Scientists experiment on human embryos in vitro after the implantation stage
Professor David Albert Jones, Director of the Anscombe Bioethics Centre, has released a statement on the news that scientists at the University of Cambridge have developed a new technique that allows embryos to develop in vitro beyond the implantation stage (when an embryo would normally implant into the womb).
“In a successful pregnancy the human embryo implants in his or her mother’s womb at around 8 or 9 days after fertilisation. If the embryo does not implant he or she cannot survive and so experiments on human embryos have, in practice, only taken place in the first 9 days, though the legal limit is 14 days. However, a group of scientists at the University of Cambridge have developed a system that will allow the embryo to survive and develop in vitro up to the 13-day stage, without any maternal cells present. They could have gone further, but not within the current law.
“What these scientists have discovered, in their own words, is that ‘events at this stage of human development are embryo-autonomous, highlighting the remarkable and unanticipated self-organizing properties of human embryos.’1 In other words, they have shown how embryonic human beings live and develop with a life that is their own from the very beginning. Even at the embryonic stage, the human organism is a living, autonomous being, a self, a wonderful life that can be sustained or can be destroyed. It is a dark irony that they learned this through experimenting on and destroying these very same remarkable self-organizing human lives.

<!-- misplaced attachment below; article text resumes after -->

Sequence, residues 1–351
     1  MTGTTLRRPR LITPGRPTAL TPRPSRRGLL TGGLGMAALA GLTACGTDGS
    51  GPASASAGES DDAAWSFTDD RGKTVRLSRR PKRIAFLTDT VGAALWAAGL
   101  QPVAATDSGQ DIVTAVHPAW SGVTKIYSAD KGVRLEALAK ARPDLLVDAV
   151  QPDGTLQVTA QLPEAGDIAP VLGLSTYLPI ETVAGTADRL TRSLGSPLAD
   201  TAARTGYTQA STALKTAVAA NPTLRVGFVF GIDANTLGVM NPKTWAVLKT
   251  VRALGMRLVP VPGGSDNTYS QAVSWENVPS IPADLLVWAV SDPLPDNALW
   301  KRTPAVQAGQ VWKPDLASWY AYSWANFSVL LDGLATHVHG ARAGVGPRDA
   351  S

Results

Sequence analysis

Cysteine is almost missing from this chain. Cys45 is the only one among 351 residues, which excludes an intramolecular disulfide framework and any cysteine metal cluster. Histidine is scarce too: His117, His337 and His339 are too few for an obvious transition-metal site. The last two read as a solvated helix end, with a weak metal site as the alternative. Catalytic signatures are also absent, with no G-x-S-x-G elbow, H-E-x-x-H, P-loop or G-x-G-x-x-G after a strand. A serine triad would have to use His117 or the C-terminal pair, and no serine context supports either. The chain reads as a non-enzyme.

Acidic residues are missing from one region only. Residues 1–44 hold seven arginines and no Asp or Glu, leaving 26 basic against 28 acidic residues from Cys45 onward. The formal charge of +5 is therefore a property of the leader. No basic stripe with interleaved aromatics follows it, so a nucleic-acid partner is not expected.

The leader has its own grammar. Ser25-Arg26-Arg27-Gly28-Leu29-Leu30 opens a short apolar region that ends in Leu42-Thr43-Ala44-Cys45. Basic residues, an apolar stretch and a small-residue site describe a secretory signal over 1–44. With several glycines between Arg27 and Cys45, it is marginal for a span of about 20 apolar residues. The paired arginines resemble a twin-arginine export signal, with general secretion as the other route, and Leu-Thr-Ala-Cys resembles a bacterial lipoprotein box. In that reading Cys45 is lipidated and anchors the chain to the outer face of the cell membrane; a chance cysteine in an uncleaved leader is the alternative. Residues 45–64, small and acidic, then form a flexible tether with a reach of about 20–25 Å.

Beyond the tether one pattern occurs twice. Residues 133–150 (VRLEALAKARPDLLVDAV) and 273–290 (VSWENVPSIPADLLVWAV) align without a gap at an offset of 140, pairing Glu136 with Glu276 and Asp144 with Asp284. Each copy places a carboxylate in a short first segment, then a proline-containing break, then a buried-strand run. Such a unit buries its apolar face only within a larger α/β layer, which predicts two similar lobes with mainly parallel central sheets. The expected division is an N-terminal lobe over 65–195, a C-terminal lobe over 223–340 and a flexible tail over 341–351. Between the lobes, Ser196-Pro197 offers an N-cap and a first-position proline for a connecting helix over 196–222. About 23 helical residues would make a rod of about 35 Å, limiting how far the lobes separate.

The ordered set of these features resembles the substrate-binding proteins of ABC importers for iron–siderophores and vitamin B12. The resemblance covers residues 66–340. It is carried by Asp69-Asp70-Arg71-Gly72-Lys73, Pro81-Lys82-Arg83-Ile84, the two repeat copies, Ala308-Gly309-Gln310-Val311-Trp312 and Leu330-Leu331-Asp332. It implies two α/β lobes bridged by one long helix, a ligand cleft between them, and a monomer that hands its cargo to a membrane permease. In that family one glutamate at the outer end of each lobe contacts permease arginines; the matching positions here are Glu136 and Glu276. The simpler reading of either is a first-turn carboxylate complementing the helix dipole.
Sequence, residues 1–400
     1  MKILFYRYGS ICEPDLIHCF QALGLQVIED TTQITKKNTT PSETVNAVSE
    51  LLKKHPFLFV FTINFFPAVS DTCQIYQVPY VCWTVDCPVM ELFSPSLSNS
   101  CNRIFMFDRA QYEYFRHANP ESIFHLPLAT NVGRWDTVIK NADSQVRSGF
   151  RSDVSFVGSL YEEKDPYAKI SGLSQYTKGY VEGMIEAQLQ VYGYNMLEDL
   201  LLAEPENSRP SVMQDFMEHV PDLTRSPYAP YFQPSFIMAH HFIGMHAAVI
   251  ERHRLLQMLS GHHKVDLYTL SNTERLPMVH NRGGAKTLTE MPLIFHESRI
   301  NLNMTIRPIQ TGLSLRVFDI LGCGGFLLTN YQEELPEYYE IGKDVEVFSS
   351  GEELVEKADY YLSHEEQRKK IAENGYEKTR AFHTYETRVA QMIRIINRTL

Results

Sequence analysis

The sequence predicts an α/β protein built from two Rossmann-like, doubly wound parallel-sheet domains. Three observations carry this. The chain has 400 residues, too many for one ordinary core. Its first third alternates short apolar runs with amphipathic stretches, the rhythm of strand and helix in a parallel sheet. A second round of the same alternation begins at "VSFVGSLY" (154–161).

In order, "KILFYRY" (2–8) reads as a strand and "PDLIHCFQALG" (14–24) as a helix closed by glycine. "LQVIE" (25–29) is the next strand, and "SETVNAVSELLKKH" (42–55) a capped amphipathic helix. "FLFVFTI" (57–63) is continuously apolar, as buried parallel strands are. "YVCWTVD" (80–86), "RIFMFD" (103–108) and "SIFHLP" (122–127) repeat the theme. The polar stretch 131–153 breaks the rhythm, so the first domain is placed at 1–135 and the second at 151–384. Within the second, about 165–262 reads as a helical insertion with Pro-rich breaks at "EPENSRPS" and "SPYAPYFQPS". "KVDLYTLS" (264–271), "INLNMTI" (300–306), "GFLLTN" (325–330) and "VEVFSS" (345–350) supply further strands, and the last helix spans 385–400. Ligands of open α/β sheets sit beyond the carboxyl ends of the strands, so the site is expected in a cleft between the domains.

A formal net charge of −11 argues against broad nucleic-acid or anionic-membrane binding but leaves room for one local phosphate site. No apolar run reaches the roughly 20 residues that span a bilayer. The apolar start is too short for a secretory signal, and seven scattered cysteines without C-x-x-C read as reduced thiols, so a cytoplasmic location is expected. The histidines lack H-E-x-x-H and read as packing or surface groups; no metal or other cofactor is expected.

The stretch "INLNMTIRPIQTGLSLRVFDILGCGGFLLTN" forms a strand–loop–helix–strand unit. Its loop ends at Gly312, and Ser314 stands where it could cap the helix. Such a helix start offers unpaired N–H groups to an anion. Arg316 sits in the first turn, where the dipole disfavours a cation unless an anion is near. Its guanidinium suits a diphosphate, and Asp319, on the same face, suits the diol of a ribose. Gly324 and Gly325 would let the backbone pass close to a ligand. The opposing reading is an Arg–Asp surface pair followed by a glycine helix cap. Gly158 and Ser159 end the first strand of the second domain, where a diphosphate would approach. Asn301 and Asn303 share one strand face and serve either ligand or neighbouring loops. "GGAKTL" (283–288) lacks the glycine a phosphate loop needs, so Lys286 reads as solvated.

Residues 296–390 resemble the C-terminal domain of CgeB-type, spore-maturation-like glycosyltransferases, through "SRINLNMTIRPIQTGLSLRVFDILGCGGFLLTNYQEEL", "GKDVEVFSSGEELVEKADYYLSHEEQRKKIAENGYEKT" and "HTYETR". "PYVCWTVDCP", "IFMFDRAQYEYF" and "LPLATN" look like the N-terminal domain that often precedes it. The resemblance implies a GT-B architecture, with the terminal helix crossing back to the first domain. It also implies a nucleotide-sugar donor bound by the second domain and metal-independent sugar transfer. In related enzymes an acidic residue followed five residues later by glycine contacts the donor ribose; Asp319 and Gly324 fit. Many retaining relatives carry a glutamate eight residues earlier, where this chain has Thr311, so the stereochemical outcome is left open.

“It seems likely that this technique will lead to yet more experimentation on embryonic human subjects and that some scientists somewhere will sustain embryonic human life in vitro beyond 14 days. In the future this may even be seen as the first step towards culturing babies outside the womb, where the child is not only conceived outside the protection of his or her mother’s body but no such human connection is envisaged at any stage. Human life and human pregnancy should not be separated in this way. On a technical level this experiment represents a breakthrough but it is also a further step away from ethical science and a further step towards an increasingly inhuman future.”
Prof David Albert Jones
Director, Anscombe Bioethics Centre
Official website for the Anscombe Bioethics Centre